Pellaeon turned away and continued. He entered his quarters, and for a moment half-expected to find Grand Admiral Thrawn sitting in the center of the room. He half-expected the great commander to stand and suddenly give an order and fix everything. But there was no one there, just the ghostly images of holo-projected artwork and very few tangible pieces. Pellaeon crossed the room to his desk and took the datapad from the top drawer.


The ship shuddered as though something had slammed into the side.


"Explosion, starboard side," an automated voice reported over the intercom. "All personnel, abandon ship. Repeat: all personnel, abandon ship..."


Pellaeon shut the sirens and alarms out, and turned his attention on the room. Slowly, deliberately, he looked around the room, taking in every detail, recalling every moment, every memory. Since the Grand Admiral's death, he'd purposefully kept the room unchanged, but, now, it was over, and the Chimaera would soon be dead.


He clicked off the artwork and it disappeared, forever, all but a single piece. An ancient dagger, one of Thrawn's mystery pieces from somewhere in the Unknown Regions. With only a moment of hesitation, Pellaeon grabbed the dagger and made his way from the room to this level's escape pods.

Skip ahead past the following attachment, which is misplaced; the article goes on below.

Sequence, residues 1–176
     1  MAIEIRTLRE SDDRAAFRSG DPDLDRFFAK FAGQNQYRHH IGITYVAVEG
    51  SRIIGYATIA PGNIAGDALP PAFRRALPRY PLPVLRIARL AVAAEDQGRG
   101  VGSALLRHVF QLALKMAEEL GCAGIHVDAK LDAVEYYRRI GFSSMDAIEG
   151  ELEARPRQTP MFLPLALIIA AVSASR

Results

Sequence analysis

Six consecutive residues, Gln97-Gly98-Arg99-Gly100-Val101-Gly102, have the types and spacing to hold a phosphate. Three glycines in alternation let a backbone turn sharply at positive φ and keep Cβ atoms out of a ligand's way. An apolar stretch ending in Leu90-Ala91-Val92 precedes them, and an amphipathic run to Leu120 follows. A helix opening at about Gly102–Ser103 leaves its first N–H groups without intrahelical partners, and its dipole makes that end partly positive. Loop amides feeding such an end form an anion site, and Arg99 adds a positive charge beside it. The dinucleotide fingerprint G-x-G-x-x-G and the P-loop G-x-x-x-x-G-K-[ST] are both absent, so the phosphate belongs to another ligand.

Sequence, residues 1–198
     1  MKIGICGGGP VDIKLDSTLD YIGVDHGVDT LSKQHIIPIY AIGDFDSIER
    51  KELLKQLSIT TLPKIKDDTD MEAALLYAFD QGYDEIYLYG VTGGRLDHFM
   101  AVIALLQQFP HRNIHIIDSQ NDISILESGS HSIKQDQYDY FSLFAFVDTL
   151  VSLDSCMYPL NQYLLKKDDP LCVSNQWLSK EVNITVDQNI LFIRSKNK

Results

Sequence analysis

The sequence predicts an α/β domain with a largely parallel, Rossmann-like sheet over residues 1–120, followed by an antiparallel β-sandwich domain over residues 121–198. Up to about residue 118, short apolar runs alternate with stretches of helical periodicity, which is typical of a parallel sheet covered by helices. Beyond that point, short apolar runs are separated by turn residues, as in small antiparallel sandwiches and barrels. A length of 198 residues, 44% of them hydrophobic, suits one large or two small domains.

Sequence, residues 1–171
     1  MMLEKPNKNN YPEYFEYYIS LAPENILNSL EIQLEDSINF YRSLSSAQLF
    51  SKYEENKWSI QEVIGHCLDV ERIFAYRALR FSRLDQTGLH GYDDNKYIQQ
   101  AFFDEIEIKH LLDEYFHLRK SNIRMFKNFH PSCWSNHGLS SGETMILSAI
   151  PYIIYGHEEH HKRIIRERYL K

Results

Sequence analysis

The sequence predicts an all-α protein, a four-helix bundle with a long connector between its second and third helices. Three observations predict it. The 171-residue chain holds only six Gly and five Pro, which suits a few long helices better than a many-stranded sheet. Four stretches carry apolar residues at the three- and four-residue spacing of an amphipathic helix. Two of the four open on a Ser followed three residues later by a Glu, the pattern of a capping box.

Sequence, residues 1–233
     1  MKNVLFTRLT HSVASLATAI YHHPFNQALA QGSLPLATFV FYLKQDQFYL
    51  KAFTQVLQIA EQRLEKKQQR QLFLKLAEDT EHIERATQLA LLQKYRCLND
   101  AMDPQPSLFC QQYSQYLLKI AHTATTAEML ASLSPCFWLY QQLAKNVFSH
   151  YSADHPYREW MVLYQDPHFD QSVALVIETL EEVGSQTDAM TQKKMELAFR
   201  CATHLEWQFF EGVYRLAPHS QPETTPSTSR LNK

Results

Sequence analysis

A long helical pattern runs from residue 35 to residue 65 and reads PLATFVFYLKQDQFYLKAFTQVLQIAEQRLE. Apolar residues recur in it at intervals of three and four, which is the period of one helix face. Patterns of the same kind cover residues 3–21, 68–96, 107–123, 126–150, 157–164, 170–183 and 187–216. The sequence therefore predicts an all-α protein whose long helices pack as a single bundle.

And now it sat on a pedestal precisely where it had then, eight years ago, when the Empire had won the Battle of Duro, but lost the Chimaera, and in the process lost the great majority of Thrawn's artwork and, worst of all, the Grand Admiral's memoirs.


And now Harbid was dead, one more casualty to the defeats, retreats, and losses they'd suffered. Harbid, the man who'd been so strong that if not for him, the fleet in the Outer Rim would have surely been lost to factioning and infighting like the Core. Harbid, his most loyal supporter and friend, was gone.


Pellaeon leaned back in his chair and let out a breath he hadn't realized he'd been holding. For some strange reason, his practical side surfaced, and he wondered what would become of the Fleet now that it's cornerstone was gone. His support was gone and, as terrible as this sounded, he would have to find someone to take Harbid's place. Duty called. The time for grieving would come later, when this was all finally and completely over.